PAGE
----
He said: “The score cards used in the Precise Mortgages underwriting process have been improved and verified throughout the credit crunch to cope with the current environment.

“We have contracts with Experian and Equifax and our IT systems pull data from both sources to check credit scoring on applications. That allows us to give brokers a decision in principle pretty much immediately.

“Our team of underwriters will then corroborate application details to verify all of the information on file, at which point we can then tell the broker if the application has been successful. Precise Mortgages is keen to ensure controlled credit quality.”

Much of the intermediary market has been concerned that lending based solely on credit scoring is preventing quality borrowers from getting a loan.

Cleary said the credit scoring Precise Mortgages will use is based on borrowers’ credit information at today’s date.

He said: “Credit scoring is based on 30 years of industry learning. Why on earth would you throw that away? You adapt your learning and improve the process.”

Precise Mortgages is in discussions with the CML about membership and Cleary said he expects to be having conversations with IMLA in the near future about becoming a member.

Market reaction

Nigel Stockton, sales director at Lloyds Banking Group, who previously worked with Cleary and Nixon at HBoS, said: “We’re thrilled that Precise Mortgages has chosen to work with Colleys.

“The UK mortgage market and Lloyds Banking Group always welcome new lenders. We wish them every success particularly at this time of tight funding availability.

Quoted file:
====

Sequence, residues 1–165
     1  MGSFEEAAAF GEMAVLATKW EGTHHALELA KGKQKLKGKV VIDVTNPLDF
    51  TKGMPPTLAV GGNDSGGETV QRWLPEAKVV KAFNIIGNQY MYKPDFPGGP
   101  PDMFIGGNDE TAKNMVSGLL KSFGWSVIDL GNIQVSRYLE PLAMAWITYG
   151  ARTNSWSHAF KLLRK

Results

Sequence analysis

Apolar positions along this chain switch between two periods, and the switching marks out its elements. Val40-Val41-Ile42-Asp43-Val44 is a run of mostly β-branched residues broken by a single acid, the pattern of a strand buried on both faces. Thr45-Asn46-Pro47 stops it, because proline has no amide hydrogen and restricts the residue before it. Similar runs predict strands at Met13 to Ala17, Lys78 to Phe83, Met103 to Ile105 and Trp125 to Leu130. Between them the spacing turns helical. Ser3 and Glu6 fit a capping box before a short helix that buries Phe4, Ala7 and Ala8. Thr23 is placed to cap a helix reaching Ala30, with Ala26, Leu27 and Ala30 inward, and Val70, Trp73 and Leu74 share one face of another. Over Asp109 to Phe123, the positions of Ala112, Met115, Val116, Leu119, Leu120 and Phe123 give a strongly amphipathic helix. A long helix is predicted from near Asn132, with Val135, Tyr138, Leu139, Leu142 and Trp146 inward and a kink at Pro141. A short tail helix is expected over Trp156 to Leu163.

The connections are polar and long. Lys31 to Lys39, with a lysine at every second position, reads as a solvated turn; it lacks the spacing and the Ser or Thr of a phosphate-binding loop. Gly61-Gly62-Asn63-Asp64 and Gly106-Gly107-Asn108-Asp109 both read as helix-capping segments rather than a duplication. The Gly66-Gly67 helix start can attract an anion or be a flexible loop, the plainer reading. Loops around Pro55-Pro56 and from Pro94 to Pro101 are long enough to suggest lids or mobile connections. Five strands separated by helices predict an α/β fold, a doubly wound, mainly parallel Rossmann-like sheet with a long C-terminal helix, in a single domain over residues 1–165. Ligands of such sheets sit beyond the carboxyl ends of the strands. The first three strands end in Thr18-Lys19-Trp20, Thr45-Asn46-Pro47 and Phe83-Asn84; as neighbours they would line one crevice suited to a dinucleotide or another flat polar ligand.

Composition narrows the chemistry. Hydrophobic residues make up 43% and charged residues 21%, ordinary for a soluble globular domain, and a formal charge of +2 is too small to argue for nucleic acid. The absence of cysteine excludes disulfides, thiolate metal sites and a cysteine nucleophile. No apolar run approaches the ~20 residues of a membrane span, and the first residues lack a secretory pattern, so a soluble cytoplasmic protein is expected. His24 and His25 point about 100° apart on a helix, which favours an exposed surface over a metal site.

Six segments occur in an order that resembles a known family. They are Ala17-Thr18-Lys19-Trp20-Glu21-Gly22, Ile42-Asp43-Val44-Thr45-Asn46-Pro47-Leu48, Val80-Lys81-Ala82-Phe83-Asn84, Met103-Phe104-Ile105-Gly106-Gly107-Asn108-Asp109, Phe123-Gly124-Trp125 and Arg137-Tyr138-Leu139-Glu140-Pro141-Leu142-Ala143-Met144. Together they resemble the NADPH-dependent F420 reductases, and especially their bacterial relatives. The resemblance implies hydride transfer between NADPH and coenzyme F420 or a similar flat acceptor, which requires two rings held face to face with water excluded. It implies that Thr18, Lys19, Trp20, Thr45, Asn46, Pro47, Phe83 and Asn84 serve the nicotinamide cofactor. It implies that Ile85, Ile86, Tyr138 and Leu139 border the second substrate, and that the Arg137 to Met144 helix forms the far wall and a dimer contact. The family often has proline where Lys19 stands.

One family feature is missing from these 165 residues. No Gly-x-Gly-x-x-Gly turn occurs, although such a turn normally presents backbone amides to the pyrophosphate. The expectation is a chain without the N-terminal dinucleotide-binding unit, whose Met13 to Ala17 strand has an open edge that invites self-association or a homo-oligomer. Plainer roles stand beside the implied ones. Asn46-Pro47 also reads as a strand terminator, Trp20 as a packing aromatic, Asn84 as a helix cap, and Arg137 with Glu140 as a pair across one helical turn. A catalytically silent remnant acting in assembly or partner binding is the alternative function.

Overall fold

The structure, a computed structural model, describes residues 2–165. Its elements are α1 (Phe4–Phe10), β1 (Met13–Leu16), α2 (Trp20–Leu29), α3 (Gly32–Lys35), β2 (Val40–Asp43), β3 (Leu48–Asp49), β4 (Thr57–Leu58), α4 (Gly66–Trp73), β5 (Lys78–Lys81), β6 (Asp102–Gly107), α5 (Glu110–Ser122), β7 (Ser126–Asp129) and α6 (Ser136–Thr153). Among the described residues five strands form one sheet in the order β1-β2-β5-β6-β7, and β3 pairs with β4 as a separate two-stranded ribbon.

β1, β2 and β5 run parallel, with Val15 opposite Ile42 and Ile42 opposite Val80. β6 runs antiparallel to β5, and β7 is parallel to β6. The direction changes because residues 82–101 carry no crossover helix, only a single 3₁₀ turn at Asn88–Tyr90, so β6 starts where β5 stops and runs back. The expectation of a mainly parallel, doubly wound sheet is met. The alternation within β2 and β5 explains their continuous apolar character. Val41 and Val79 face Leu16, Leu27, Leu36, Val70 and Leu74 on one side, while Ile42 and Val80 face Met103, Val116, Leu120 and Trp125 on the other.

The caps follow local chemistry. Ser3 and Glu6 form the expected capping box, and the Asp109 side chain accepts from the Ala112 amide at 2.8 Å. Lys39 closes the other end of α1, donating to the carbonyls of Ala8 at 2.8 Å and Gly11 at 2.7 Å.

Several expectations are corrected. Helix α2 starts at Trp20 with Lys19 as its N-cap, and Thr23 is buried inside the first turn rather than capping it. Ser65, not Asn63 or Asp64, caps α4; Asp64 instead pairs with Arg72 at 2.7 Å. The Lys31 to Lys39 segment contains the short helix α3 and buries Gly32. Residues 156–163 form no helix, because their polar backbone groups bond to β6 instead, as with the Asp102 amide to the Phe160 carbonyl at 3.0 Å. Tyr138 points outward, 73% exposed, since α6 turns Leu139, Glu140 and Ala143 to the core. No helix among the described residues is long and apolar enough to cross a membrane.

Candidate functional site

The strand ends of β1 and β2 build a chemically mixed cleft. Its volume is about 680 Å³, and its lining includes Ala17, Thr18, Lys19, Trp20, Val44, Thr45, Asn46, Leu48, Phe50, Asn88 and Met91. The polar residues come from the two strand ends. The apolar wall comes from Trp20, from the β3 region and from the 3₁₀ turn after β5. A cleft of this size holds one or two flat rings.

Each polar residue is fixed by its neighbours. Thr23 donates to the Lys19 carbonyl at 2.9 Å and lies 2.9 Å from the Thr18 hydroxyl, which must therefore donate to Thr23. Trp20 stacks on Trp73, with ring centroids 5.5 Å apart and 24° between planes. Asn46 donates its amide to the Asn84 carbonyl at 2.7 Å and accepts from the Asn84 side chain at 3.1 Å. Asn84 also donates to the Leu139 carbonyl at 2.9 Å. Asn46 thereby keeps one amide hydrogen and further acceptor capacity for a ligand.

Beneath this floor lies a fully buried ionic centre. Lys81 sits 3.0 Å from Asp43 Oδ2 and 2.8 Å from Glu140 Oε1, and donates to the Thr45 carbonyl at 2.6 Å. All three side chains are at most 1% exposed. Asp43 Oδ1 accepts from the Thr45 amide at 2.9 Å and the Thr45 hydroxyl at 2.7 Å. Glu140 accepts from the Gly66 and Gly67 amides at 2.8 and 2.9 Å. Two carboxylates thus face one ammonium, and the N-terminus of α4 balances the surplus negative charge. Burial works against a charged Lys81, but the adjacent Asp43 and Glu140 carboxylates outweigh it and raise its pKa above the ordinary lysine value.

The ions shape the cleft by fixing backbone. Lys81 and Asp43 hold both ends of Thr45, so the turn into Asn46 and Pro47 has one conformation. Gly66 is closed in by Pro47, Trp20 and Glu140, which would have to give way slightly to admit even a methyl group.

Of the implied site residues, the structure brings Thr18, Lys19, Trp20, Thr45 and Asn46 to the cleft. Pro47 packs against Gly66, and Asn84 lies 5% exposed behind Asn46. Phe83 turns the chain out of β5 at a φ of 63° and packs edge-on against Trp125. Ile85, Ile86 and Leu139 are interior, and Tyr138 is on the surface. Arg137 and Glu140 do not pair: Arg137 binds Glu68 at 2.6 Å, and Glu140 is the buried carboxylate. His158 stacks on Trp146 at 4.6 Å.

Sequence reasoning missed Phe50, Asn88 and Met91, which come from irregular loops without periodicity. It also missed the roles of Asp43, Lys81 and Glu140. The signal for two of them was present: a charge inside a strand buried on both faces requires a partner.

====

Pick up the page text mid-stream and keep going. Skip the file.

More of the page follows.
“We look forward to competing with them in their chosen buy-to-let markets. This is especially the case here when we know Alan Cleary and the others so well.”

Ben Thompson, director, mortgages at Legal & General, said: “We’re really pleased to be in a position to bring another new lender to the market, and we’re sure that this is the start of great things to come from Precise Mortgages.

“There is a distinct gap in the buy-to-let market that Precise Mortgages are looking to fill so this is bright news for private landlords.

“There are only a small handful of lenders that are serving the buy-to-let sector and Precise Mortgages will bring innovation and much needed competition.

“Both parties expect the buy-to-let market to grow significantly in the near future.”

And Colin Snowdon, chief executive, Residential Mortgages, Aldermore said the Precise Mortgage launch was good news for both brokers and borrowers.

He said: “Today’s news that the Exact mortgage servicing team is launching a buy to let lending business is good news for both brokers and borrowers.

“The buy to let sector needs additional funding and the launch of both Aldermore and Precise Mortgages will be a welcome boost to a sector which has suffered from an undersupply of funding for far too long.

“My best wishes go Alan Cleary and his team – I have no doubt that both our businesses will help to shape the future of the UK mortgage market.”